Originally published on Advocate.com May 01 2012 2:35 PM ET
The day after the Senate approved the reauthorization of the Violence Against Women Act with LGBT-inclusive provisions, members of the Republican-controlled House introduced their own version of the bill, which excludes coverage for LGBT citizens.
Florida representative Sandy Adams introduced the noninclusive bill Friday with 35 cosponsors. Adams has a 17-year history of work in law enforcement and had an abusive husband, whom she eventually left.
"Over 30 years ago, domestic violence was not openly discussed," she said in introducing the bill. "Since 1994, VAWA has helped bring to light an issue that is often underreported or not reported at all. According to a recent study, 24 people per minute are victims of rape, physical violence, or stalking by an intimate partner in the United States. With alarming statistics like these, the need for VAWA is clear. That is why I am proud to introduce the House’s reauthorization, which aims to make important changes to VAWA, while ensuring that taxpayer resources help victims — not Washington bureaucrats. It is my hope that my colleagues in both the House and Senate can put politics aside and support this lifesaving legislation. Too many lives are at stake for us to give anything less.”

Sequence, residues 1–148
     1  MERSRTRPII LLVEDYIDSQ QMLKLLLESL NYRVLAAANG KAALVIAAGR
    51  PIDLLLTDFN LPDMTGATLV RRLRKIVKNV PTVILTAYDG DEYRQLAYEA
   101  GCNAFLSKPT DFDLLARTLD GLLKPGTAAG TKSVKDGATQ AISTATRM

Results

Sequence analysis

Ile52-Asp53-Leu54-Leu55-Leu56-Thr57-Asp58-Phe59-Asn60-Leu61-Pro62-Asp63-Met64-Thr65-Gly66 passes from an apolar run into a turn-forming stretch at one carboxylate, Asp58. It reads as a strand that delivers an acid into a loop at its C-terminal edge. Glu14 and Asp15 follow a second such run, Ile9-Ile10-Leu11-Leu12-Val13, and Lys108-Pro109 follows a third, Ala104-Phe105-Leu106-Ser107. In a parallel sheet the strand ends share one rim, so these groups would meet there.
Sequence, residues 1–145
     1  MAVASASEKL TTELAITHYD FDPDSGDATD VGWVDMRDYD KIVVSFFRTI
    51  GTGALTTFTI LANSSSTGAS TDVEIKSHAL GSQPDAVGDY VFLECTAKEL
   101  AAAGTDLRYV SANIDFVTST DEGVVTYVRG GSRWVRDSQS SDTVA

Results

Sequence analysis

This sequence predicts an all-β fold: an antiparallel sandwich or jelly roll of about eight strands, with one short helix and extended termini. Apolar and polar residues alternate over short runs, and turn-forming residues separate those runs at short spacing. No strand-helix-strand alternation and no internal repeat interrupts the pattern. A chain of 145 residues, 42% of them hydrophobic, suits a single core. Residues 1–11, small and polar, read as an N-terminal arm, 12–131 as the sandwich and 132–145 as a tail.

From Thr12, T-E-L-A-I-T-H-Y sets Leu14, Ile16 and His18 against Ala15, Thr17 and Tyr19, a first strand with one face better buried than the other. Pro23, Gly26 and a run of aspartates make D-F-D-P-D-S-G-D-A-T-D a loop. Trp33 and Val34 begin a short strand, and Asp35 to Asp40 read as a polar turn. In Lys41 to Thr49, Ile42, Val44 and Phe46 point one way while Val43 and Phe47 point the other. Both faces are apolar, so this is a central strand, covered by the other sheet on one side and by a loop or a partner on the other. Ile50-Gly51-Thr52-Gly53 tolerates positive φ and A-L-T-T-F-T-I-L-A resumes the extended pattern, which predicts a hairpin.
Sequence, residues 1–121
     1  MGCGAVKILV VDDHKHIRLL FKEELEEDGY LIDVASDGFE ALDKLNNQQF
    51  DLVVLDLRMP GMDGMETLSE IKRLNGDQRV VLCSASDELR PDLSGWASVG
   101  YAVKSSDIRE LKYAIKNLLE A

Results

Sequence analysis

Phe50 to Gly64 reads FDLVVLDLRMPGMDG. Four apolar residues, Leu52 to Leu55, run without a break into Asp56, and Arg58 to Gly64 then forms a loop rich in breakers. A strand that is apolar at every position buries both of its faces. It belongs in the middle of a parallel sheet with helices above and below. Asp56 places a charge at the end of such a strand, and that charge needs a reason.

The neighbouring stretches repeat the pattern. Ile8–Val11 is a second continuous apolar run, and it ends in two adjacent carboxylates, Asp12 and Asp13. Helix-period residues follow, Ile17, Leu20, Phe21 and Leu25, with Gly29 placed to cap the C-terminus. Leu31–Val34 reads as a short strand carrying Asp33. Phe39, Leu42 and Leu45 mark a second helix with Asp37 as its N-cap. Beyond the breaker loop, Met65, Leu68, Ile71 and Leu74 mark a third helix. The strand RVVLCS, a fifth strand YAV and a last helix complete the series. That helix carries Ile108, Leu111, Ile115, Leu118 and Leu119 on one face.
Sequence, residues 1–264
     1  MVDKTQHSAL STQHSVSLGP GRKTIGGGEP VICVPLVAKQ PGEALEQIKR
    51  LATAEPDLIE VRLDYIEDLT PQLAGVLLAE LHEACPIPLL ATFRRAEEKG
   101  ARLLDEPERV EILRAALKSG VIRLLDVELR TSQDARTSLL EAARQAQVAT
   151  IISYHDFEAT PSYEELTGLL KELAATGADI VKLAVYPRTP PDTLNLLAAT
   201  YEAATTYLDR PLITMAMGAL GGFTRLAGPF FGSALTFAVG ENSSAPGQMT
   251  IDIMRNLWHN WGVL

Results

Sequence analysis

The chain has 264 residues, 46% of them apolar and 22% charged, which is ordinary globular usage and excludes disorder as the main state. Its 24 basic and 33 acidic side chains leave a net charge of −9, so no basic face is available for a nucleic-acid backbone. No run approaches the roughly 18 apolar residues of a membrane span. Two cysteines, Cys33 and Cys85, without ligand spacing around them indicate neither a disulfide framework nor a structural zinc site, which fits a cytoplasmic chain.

The law organizes federal funding to enhance investigation and prosecution of domestic violence and sexual assault while also supporting victim service programs. The Senate version, which was passed Thursday, was the first to have LGBT-inclusive provisions. Senators defeated an amendment, with a 36-63 vote, that would have rewritten the bill and excluded coverage for LGBT violence victims.
According to Sharon Stapel of the Anti-Violence Project, 25%-35% of same-sex relationships are marred by domestic violence and abuse, which is about the same rate as other relationships. However, LGBT domestic violence victims have fewer supportive services, and they often face discrimination when seeking help. The Senate bill would ensure that all people are able to access services regardless of their actual or perceived sexual orientation or gender identity.